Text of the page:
A destination since the beginning of time (or at least before anyone ever heard of kale or knew what to do with arugula), The Odeon has a storied place in New York City restaurant history.
In 1980, the brothers Keith and Brian McNally and Lynn Wagenknecht (the current owner) converted a Depression-era cafeteria into the clubhouse for the downtown set. Throughout the eighties, Lorne Michaels, the creator of “Saturday Night Live,” the actor John Belushi, the artist Ross Bleckner, the sculptor Richard Serra, the art dealer Mary Boone, the writer Jay MacInerney (see “Bright Lights, Big City”), and countless other cultural stars could be found here nightly. Frank DiGiacomo has the full story on Vanity Fair’s website, if you want details on the fun and the fights. As for the food now, the brasserie is a place to get a great burger, according to Serious Eats; and has “very respectable bistro food and stiff drinks” as well as a “reliable” brunch, according to The Infatuation. And according to Pete Wells in The New York Times, The Odeon is a place to go to be restored. I agree wholeheartedly. (145 W Broadway. 212-233-0507.)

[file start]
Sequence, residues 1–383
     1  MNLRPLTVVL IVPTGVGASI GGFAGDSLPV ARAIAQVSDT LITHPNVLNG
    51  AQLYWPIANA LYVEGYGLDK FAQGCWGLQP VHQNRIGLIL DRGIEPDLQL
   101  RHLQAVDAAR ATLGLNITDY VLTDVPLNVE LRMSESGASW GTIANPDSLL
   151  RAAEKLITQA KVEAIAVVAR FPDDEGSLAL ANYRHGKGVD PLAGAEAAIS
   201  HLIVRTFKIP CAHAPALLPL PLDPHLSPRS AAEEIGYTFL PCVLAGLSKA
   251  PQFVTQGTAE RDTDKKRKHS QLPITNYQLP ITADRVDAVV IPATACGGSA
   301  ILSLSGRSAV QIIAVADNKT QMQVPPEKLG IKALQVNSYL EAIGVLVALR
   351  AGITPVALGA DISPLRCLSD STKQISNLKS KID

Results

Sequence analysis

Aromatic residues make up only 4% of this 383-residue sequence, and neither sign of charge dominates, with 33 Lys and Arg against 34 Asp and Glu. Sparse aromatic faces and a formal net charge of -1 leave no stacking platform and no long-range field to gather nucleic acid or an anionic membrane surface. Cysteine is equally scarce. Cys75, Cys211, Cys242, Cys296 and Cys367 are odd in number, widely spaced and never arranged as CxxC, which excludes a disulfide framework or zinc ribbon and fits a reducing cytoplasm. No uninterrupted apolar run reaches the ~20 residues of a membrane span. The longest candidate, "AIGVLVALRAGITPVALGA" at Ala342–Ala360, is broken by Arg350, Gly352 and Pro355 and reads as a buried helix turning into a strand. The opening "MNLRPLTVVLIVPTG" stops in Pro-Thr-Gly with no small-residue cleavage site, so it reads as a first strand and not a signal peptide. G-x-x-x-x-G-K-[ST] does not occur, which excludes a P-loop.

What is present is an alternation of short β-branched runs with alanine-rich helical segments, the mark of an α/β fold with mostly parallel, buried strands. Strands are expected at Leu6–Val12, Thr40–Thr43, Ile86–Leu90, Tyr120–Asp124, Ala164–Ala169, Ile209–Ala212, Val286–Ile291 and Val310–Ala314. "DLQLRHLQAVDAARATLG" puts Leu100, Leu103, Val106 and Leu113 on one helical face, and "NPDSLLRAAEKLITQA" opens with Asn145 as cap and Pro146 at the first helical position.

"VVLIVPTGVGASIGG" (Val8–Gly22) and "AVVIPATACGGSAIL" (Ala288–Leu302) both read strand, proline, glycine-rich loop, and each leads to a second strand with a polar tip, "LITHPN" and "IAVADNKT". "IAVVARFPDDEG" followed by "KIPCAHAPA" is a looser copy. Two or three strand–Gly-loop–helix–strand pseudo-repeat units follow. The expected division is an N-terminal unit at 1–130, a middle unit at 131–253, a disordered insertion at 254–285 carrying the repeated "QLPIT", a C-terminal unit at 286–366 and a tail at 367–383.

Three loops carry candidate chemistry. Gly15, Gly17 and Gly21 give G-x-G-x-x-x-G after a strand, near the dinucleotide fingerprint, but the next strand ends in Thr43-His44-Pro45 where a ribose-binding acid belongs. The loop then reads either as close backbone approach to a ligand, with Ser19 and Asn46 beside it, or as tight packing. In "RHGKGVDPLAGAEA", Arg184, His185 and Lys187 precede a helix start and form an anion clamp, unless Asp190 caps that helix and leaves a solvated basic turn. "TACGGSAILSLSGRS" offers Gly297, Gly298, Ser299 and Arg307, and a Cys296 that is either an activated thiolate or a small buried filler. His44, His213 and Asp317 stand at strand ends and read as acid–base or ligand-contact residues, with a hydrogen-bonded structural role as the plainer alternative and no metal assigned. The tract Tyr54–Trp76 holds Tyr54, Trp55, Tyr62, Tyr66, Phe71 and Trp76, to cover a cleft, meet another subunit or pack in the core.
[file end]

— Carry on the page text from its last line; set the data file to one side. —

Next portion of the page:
Signed fine art Giclee prints on museum-quality, one-quarter-cotton 280 gsm paper with archival inks are available in two sizes:
5 x 7 for $55 (email me about this size)
9 x 12 for $95
Editions are strictly limited to 365 copies, and each annotated print is a beautiful reminder that our days are numbered.